MIL-HDBK-1003/19

where TLCs is the steady state total load coefficient. If on the other

hand, the effective aperture conductance (G), expressed in Btu/deg.F-day

ft2, is selected, then:

TLCe = NCL + G [multiplied by] Ac

(Equation 4.12)

where TLCe is the effective total load coefficient. The effective

conductance (G) is a system correlation parameter, as will be expanded on in

5.1.1, and includes the effect of solar aperture dynamics. The appropriate

choice of TLC parameters will be specified for each application in these

procedures.

4.4.1.9 Thermostat setpoint. The thermostat setpoint (Tset) is the

temperature setting of the thermostat that controls the auxiliary heating

system.

4.4.1.10 Diurnal heat capacity. The diurnal heat capacity (DHC) is the

amount of heat that can be stored in the thermal mass of a building, per

unit room air temperature swing, during the first half of a 24-hour cycle

and returned to the space during the second half of the cycle. The

performance of passive solar buildings is enhanced when the DHC is elevated.

Procedures for calculating this important parameter will be presented in

5.1. The DHC has units of Btu/deg.F.

4.4.1.11 Effective heat capacity. The effective heat capacity (EHC) is

a correlating parameter that relates the thermal performance of otherwise

identical direct gain buildings that have arbitrary thermal storage media

arranged in various geometric configurations. As such, the EHC, which has

units of Btu/deg.F of solar aperture, provides a measure of the amount of

heat that may be stored in the thermal mass of a building during one day and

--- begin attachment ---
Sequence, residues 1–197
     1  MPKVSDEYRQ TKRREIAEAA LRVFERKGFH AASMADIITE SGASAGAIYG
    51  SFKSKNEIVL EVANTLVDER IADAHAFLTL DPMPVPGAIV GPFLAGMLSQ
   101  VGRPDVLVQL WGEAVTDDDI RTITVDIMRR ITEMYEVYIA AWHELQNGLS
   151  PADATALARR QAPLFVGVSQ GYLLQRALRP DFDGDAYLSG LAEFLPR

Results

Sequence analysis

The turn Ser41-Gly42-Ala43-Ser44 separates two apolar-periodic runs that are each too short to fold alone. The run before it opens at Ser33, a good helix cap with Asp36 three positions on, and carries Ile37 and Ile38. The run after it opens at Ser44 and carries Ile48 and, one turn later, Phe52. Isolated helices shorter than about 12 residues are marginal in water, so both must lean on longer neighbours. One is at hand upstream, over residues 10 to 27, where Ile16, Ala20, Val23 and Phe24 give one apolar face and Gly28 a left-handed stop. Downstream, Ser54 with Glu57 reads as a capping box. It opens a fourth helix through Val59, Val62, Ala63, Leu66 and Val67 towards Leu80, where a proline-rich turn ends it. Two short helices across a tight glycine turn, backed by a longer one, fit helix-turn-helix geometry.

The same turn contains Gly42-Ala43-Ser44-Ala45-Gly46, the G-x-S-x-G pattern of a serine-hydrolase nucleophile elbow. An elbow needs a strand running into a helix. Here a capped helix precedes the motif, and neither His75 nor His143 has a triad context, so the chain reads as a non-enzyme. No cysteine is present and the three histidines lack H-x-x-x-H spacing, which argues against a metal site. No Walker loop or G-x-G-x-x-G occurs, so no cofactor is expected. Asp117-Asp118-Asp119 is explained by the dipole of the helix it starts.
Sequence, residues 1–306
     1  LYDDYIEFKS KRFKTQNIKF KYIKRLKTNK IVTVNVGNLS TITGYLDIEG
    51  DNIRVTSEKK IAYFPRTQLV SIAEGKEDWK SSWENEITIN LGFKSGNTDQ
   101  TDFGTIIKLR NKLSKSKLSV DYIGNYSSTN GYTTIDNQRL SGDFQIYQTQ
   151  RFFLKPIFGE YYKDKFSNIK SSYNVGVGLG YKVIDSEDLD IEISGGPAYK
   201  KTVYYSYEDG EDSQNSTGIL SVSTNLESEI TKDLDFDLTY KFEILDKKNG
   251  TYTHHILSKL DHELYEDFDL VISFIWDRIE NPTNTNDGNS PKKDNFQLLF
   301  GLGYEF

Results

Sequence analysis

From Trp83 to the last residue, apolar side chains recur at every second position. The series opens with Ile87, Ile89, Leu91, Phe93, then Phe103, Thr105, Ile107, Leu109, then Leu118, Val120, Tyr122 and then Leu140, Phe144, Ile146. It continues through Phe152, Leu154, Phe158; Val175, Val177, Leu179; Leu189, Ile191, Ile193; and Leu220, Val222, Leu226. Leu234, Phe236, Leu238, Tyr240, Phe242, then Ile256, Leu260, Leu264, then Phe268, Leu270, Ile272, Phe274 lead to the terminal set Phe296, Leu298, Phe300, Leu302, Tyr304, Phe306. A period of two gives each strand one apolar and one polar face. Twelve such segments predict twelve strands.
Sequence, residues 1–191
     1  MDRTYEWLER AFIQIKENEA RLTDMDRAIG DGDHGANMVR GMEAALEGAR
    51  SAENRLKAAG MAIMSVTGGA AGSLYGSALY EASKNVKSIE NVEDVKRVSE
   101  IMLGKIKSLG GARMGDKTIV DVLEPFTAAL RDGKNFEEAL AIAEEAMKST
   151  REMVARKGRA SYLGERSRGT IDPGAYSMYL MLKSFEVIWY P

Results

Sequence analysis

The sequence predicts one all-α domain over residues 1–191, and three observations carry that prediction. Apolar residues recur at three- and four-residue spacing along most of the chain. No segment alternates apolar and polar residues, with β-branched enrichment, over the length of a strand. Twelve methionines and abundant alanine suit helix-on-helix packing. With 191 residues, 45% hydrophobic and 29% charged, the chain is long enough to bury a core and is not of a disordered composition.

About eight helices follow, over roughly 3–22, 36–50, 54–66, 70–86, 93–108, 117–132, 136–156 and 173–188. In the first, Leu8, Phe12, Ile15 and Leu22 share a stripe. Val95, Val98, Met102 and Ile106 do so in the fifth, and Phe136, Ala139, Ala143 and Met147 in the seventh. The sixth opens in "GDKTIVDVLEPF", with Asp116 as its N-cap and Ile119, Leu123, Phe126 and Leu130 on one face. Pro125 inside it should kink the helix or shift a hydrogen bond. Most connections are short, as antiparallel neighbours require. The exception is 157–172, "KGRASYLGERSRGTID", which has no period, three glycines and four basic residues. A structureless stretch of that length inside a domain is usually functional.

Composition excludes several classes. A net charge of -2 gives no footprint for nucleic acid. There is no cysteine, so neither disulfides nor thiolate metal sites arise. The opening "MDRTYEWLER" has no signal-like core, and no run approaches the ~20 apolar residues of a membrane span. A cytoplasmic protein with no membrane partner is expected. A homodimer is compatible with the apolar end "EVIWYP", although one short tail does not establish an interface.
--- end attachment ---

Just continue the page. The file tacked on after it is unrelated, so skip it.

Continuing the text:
returned to the room air on the same day or on succeeding days at times and

rates that lead to improvements in building performance. Improvements in

solar thermal performance occur when stored solar energy is delivered to the

room air in phase with the building thermal load, thereby reducing auxiliary

heating requirements. A nomograph for the EHC will be presented in 5.1.

4.4.1.12 Effective thermostat setpoint. The analysis methods presented

in this document require the use of a constant thermostat setpoint. Because

control strategies involving nightime setbacks are advantageous due to the

resultant reduction in auxiliary heat consumption, a procedure has been

developed for relating building and control parameters to a constant

effective thermostat setpoint (Te); this procedure is described in 5.1.

The temperature Te should be used in place of Tset for the analysis of

any building that employs a control strategy.

4.4.1.13 Base temperature. The base temperature (Tb) is the

thermostat setpoint (or the effective setpoint) adjusted in a manner that

accounts for internal-source heating by people, lights, appliances, office

equipment, or any other device not primarily intended as an auxiliary heat

source. The base temperature is given by:

Tb = Tset - Qint/TLCs,

(Equation 4.13)

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